In a recent opinion piece of February 6 in the Guardian, Peter McKenna discussed the pros and cons of mandatory voting as a solution to declining participation rates in elections. In the end, he comes down mildly in favour of the concept, although his endorsement seems to be of the “well, we have to try something” variety.
By happenstance, also on February 6, there was a short article in the Globe and Mail describing how mandatory voting was working out in Brazil … apparently, not so well. Recently, Tiriraca, a popular TV clown, was elected to the Brazilian congress, based largely on his name recognition with the uninformed. His slogan: “I don’t know what a congressman does, but vote for me and I’ll tell you.”
There are two big problems with mandatory voting schemes. This first is touched on in Peter McKenna’s article. By forcing uninformed people to vote, we are just decreasing the signal-to-noise ratio and lessening the chance of getting good decisions from the electorate (and increasing the likelihood of electing clowns). The second problem is that mandatory voting is treating a symptom (voter disillusionment and disengagement) while the disease (the problems with our political system which causes the disillusionment and disengagement) goes unchecked.
What is the cause of the disillusionment? Patronage, pancake politics, undue influence of special interests, concentration of power, etc. We have a Representative Democracy, but many have lost faith in their representatives. There is a feeling that many representatives put the interests of their money donors, their party and themselves ahead of the interests of the people they represent.
Representative Democracy really took hold when the technology became available to support it. The invention of the printing press allowed information to be disseminated so people could make informed decisions on their choice of representative. Well, we now have a new information dissemination technology: the Internet. It has revolutionized almost every aspect of society except our system of government, which has remained basically unchanged in structure since the 1800s.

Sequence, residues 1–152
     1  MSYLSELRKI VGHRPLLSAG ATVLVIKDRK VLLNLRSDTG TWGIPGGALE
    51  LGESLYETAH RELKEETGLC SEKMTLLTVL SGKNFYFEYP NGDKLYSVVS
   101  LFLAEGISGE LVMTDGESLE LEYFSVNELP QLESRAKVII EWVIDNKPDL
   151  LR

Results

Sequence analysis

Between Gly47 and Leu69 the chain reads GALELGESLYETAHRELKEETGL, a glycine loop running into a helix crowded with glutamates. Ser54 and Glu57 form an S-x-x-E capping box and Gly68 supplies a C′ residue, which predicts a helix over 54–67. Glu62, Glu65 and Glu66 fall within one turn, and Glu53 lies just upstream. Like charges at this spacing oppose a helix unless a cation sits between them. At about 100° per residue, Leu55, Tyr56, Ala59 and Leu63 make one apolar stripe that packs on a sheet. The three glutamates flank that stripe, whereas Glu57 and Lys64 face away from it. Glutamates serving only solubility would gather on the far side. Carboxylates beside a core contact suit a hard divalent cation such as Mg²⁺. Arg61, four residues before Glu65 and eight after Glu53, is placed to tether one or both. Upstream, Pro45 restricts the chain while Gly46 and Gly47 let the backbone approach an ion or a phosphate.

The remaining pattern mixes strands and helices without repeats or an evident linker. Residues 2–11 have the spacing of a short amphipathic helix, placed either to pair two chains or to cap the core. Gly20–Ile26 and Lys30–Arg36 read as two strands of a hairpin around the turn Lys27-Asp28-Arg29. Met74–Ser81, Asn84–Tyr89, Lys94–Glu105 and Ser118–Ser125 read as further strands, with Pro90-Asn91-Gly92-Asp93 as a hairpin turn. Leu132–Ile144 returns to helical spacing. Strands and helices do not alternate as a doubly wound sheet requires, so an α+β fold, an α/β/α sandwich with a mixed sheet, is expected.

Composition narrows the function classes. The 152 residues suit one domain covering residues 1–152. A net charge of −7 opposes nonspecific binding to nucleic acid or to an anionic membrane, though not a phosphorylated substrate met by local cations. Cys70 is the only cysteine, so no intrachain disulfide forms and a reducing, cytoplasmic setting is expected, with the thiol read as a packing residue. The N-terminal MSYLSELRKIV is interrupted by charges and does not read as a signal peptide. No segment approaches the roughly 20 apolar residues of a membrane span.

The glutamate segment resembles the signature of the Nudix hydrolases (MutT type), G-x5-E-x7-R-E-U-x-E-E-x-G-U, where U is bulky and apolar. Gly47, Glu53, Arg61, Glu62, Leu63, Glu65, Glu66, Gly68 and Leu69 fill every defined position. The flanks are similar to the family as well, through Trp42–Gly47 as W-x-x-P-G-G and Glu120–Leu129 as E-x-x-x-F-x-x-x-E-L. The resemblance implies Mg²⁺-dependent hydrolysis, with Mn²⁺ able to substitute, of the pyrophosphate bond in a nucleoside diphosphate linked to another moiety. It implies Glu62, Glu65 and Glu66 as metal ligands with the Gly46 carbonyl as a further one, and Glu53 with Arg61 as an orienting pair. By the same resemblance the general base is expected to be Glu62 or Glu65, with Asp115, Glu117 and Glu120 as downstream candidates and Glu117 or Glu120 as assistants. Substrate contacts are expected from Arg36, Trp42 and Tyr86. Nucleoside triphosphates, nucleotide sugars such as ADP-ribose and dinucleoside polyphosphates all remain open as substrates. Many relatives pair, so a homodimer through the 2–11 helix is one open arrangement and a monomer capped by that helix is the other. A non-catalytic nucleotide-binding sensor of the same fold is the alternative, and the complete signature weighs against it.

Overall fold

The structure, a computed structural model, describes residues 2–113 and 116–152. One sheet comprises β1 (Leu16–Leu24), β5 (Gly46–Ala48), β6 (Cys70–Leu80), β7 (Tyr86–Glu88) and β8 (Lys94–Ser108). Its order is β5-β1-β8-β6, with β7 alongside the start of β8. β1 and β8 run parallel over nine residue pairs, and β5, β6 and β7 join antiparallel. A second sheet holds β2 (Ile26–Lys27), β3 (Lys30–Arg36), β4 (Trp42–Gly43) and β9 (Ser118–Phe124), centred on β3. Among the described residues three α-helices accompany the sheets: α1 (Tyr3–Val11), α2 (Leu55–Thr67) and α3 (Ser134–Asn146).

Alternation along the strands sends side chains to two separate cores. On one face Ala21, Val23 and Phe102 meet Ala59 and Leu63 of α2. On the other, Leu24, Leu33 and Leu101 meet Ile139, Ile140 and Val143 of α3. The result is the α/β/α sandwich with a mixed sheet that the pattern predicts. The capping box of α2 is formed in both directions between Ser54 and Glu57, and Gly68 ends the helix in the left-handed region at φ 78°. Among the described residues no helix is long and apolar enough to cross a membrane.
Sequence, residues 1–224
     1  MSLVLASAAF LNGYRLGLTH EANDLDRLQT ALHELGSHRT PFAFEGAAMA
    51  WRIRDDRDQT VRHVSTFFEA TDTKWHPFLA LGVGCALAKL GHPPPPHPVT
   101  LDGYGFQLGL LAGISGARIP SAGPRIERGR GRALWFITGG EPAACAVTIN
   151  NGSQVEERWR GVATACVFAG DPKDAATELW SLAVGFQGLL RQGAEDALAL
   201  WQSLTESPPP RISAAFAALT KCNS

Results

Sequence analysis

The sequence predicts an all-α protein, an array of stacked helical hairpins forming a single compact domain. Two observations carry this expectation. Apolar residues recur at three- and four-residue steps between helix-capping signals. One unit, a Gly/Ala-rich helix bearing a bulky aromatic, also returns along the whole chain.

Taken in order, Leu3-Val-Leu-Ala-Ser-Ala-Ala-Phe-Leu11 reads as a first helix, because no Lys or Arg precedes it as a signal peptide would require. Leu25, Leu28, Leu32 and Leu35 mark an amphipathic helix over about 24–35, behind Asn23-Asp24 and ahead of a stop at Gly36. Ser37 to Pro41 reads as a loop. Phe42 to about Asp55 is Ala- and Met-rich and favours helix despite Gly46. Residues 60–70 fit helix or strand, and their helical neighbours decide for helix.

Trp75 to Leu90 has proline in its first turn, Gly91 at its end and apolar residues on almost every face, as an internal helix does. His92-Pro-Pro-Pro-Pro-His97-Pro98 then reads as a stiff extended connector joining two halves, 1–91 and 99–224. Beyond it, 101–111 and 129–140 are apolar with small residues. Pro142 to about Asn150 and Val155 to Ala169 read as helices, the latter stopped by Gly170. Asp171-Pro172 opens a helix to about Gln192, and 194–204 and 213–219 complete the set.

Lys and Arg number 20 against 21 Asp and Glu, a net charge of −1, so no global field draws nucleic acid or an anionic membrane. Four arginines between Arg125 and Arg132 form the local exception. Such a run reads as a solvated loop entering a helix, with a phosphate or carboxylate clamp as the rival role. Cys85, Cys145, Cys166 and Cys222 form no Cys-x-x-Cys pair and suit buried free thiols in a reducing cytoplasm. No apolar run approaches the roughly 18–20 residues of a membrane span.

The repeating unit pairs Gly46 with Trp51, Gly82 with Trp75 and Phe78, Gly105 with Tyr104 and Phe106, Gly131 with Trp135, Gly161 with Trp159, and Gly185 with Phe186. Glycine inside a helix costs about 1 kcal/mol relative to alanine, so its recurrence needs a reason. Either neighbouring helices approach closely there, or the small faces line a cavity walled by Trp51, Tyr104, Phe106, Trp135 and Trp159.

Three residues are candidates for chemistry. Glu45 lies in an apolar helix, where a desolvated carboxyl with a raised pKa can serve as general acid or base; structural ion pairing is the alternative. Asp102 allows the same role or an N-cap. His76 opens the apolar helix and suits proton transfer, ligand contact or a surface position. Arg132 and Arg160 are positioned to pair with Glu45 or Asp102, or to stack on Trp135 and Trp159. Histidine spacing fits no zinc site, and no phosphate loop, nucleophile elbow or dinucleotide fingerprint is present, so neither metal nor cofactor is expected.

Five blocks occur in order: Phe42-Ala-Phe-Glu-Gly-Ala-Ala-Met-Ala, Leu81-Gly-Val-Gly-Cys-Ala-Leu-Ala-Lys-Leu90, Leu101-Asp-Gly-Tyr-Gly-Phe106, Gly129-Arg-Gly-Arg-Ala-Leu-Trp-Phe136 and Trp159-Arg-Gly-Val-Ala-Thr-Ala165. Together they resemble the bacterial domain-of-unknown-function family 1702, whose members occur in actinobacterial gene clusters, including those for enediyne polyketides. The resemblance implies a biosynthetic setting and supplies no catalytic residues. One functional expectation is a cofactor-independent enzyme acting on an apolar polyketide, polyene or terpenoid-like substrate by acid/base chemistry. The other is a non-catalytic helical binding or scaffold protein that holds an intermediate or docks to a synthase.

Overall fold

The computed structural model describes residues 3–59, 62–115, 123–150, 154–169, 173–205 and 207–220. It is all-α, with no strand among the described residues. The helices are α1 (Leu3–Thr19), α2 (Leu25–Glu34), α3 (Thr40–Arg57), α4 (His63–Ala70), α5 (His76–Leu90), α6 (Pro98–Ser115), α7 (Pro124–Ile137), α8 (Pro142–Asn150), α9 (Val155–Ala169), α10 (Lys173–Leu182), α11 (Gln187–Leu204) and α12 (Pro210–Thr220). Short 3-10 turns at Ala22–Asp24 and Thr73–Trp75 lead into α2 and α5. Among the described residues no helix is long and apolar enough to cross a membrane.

We could use the Internet to implement a relatively inexpensive system for Direct Democracy, where all decisions are put to referenda, but would this be an improvement on Representative Democracy? There is still the concern that many people are ill-informed, have an unrealistic world-view, or just make poor decisions. As Winston Churchill once said, “The best argument against Democracy is a five minute conversation with the average voter.”
What if we could harness the power of the Internet and the new social networking paradigm and develop a new, simpler, and more effective form of government?
I have been thinking about these ideas and some related mathematical ideas for the past while and have a new system of government to propose. I call it Ikanocracy (from the Greek for “government by the competent”). In Ikanocracy, each person has voting shares, and a person can increase their voting shares by making good decisions and decrease their voting shares by making bad decisions. A key instrument in the redistribution of voting shares are the hindsight votes, where society looks back at past decisions and decides whether they were good for society or not. Over time, persons who have a record of making good decisions end up with more influence on future decisions.
In Ikanocracy, there is no mandatory voting. In fact, abstaining would be a conscious choice and in many cases is beneficial for society. If a person is not sure whether a decision is good for society or not, they may not want to risk losing voting share. Abstainers also serve a useful purpose as they are essential in ensuring the hindsight votes are not swayed by the self-interests of the persons who originally voted for or against a decision.
If a reader would like to see the details of how Ikanocracy would work, please read my paper on the subject, at www.probability.ca/ikanocracy.pdf . I also have a blog where I discuss other aspects of Ikanocracy at ikanocracy.blogspot.com.
Instead of tweaking our current system with small adjustments like mandatory voting, we need to think bigger.
Professor, Department of Mathematics and Statistics,
University of Prince Edward Island.